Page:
"Ampere-1" GCC Patch Posted For Ampere's Upcoming AArch64 Core Design

Written by Michael Larabel in Arm on 2 November 2021 at 03:00 AM EDT. 11 Comments
ARM --
While Ampere Altra and Altra Max processors are achieving great success using Arm Neoverse N1 based cores, as shared earlier this year Ampere has begun designing their own custom Arm server CPU cores for slated introduction in 2022. The first GCC compiler patch for that next-gen Ampere CPU was quietly posted on Monday.

An initial patch made it out providing support and basic tuning for Ampere's "Ampere-1" CPU. Ampere-1 isn't certainly the marketing name for their initial CPU core design but just what they are referring to at least initially for the GNU Compiler Collection target. Just as before IBM referred to their POWER10 GCC target as the 'future' target and then later on added in proper user-friendly string.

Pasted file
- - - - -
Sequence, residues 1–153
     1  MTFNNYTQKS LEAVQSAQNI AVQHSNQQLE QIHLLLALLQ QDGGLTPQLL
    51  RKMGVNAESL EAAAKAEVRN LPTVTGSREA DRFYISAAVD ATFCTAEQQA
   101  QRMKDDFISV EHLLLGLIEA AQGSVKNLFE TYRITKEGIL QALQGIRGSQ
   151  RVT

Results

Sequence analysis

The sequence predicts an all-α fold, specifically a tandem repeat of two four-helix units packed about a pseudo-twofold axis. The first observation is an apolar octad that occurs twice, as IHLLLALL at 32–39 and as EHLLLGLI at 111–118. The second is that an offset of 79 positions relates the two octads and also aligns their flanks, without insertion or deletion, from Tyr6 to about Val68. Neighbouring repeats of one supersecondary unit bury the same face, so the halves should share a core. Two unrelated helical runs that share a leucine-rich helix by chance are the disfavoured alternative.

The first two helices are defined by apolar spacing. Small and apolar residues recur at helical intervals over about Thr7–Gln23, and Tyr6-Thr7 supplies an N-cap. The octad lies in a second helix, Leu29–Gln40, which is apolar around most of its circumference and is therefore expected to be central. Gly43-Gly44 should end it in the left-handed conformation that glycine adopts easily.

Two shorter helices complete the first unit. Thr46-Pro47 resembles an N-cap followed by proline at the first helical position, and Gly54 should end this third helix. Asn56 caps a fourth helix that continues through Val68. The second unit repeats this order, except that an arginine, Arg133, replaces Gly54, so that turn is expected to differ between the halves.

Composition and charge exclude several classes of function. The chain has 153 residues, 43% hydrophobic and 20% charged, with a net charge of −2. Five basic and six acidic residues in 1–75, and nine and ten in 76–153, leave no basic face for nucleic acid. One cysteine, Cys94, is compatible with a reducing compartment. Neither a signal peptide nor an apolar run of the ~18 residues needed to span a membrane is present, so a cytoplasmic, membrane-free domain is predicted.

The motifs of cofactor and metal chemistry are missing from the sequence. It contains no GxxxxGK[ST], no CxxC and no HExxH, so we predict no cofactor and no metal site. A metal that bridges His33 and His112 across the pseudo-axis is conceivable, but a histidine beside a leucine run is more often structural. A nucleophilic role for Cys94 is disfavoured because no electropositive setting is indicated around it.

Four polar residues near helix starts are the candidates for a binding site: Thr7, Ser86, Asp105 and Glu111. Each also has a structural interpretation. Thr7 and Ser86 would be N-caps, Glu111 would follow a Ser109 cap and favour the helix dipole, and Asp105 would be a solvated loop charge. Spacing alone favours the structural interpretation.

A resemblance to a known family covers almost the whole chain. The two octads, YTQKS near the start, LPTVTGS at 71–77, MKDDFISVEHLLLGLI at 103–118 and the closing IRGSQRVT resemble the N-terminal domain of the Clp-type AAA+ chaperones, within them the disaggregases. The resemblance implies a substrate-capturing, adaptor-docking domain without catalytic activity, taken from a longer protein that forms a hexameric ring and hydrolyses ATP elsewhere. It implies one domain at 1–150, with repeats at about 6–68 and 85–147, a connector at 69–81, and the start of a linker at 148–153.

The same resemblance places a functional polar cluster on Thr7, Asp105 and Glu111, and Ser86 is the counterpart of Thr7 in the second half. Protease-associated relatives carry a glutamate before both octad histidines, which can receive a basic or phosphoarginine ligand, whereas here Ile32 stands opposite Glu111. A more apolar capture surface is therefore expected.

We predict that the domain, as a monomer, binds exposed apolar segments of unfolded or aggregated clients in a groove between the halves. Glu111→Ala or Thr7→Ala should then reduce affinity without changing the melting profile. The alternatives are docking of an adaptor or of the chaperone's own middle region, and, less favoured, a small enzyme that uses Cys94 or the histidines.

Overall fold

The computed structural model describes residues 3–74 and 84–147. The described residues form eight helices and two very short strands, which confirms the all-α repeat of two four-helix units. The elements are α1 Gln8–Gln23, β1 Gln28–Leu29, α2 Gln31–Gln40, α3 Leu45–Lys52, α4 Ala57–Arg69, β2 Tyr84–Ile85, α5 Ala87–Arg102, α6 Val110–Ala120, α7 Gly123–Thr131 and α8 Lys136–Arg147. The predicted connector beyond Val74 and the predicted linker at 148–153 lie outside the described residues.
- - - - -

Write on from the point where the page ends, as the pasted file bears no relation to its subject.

The Ampere-1 implements the ARMv8.6 architecture in A64 mode and is modelled as a 4-wide issue (as with all modern micro-architectures, the chosen issue rate is a compromise between the maximum dispatch rate and the maximum rate of uops issued to the scheduler).

This adds the -mcpu=ampere1 command-line option and the relevant cost information/tuning tables for the Ampere-1.
It at least makes clear the initial Ampere core design is based on ARMv8.6 but the patch doesn't reveal much more information in its basic form. The "ampere1" tuning will ultimately be important for generating optimized code targeting this processor.

Public details remain light on this next-gen core besides that it will be manufactured on a 5nm process and feature greater memory bandwidth as well as increased I/O and network bandwidth.

In any case, great to see the early enablement work happening around Ampere's own Arm core designs ahead of the planned launch in 2022. This aligns with Intel's pre-release additions to GCC (and LLVM Clang) for new CPUs / microarchitecture families and times much better than AMD not seeing compiler tuning until around product launch time with their status quo.
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